Britain launches swine flu awareness campaign
Sydney - Australia's international airports began installing thermal-imaging scanners Thursday to try to identify incoming passengers who might have contracted swine flu.
Hundreds have been tested for the deadly H1N1 strain of the virus, but there have been no confirmed cases in Australia.
The captains of aircraft arriving from the Americas are obliged to report to quarantine officers any passengers they suspect of having influenza. Passengers are also obliged to fill in a form detailing their health.
Health Minister Nicola Roxon said the scanners, which detect whether a passenger has a high temperature, would cause delays and disruptions at airports.
"We do believe that the inconvenience will be worthwhile in helping to add to the protection of our country from swine flu," she said.
Charles Sturt University lecturer Ross Cutler tried to douse the false notion that swine flu could be caught from eating pork. Butchers reported that customers were avoiding pork and pork products.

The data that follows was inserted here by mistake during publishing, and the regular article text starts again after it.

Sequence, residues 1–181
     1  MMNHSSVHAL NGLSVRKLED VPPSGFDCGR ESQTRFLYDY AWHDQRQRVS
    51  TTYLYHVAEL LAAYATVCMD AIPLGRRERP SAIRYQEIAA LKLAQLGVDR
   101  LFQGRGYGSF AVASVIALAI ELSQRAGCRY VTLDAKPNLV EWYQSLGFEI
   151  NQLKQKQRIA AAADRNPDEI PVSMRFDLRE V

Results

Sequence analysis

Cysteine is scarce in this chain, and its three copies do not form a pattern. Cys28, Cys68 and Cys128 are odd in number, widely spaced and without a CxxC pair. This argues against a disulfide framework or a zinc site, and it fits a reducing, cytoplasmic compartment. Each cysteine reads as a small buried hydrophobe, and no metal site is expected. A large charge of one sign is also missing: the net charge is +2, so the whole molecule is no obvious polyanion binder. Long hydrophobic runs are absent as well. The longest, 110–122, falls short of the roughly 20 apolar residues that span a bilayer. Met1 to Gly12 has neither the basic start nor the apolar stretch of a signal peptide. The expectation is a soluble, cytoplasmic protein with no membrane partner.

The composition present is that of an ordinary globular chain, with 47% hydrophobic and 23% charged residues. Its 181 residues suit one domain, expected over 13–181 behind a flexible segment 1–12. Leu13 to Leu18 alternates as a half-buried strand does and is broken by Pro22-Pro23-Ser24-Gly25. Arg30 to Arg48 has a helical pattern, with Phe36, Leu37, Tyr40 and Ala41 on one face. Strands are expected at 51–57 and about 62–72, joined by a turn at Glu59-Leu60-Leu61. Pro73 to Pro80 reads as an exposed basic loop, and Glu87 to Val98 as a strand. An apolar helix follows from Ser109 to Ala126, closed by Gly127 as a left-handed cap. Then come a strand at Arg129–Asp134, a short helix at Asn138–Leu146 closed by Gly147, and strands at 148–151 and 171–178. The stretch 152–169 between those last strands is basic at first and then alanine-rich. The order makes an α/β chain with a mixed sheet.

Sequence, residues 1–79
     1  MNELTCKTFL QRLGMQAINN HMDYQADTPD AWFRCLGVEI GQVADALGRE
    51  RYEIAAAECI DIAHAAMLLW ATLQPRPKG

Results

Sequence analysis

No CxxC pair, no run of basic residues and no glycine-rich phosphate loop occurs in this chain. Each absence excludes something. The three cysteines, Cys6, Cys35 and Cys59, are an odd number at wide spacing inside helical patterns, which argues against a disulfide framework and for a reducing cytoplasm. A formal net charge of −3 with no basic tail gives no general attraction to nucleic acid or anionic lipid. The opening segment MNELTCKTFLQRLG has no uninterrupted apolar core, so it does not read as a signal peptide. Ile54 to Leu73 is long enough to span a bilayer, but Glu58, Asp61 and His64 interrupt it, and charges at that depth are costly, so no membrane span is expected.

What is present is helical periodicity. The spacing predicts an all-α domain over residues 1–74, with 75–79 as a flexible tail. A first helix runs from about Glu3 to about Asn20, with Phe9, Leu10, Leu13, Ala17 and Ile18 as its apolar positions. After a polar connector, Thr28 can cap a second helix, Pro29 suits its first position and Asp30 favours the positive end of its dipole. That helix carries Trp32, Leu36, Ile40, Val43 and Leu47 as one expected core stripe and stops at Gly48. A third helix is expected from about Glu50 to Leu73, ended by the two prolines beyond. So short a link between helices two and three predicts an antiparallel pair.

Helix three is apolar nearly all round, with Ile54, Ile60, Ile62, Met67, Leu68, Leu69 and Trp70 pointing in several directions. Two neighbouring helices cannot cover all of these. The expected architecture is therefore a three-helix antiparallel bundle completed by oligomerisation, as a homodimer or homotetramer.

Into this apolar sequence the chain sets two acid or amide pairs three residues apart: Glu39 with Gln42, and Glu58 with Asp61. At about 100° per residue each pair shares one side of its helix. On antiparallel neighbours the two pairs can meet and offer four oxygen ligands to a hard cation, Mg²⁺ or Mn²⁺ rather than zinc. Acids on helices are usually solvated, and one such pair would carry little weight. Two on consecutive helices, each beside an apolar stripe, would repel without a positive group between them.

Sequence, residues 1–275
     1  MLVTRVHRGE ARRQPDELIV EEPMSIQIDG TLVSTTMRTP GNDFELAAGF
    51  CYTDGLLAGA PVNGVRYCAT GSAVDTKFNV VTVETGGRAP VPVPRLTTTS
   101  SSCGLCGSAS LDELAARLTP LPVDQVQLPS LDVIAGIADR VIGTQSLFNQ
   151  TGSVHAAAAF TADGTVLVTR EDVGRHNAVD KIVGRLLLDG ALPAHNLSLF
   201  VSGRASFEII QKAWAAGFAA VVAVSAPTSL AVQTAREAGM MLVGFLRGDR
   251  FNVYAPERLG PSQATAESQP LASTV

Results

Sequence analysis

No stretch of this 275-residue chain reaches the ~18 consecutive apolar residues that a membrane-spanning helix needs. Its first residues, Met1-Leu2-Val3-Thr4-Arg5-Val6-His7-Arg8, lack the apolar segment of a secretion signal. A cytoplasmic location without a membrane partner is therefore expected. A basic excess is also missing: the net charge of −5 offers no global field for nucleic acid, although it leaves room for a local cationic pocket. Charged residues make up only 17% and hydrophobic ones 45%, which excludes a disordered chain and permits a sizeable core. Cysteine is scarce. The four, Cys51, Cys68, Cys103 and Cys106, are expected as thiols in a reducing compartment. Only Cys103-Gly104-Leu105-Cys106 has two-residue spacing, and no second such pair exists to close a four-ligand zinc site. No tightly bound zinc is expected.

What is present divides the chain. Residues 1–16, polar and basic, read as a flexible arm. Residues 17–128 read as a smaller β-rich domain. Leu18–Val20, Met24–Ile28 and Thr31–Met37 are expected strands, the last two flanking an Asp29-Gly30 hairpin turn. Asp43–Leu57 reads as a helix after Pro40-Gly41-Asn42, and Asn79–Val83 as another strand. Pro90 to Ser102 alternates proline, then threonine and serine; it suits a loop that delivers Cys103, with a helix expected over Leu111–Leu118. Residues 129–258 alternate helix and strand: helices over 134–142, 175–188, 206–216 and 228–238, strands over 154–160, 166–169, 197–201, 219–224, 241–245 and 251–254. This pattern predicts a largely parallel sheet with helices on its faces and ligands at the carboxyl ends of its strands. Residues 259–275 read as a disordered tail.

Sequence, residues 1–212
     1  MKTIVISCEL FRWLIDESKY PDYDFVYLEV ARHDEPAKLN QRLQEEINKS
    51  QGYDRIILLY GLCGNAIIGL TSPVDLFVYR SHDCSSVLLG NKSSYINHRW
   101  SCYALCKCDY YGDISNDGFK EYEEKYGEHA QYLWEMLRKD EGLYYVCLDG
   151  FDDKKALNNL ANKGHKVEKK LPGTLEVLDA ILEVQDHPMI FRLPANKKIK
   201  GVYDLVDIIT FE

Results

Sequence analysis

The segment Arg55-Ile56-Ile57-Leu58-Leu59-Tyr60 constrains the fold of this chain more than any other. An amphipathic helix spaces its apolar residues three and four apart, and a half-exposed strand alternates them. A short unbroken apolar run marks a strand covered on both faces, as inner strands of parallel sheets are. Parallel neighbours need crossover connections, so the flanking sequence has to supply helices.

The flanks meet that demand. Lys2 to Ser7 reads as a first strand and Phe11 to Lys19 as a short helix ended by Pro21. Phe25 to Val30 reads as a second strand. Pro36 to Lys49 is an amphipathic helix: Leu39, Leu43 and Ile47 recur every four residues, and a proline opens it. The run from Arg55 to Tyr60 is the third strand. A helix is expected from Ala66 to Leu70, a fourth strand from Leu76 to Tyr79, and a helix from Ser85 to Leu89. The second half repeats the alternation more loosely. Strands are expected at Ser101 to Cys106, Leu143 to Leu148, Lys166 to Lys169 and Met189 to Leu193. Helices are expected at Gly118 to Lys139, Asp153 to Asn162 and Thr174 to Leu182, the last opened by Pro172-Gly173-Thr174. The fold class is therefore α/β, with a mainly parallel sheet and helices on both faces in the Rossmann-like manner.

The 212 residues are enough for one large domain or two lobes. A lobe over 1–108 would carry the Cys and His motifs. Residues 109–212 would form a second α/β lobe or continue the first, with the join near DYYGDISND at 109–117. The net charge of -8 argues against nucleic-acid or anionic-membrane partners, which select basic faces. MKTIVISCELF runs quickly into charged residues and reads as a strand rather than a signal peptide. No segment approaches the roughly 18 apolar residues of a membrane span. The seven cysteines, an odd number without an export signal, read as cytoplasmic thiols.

"There's absolutely no evidence that this disease is transmitted in meat, in pork or any pork product, and there's no evidence at all or any suggestion that it's even being transmitted in pigs, even in Mexico," Cutler said.
Mexico has been the country worst affected by the swine-flu outbreak. It has confirmed 91 human swine-flu infections and eight deaths although 159 people have died there recently of the flu. The United States has reported one death and 64 infections.
Other countries reporting infections but no deaths are New Zealand, Canada, Britain, Spain, Germany, Israel, Austria, Switzerland and Peru.
The outbreak is of a hitherto unknown flu strain, which has genetic elements from three species, pigs, birds and humans.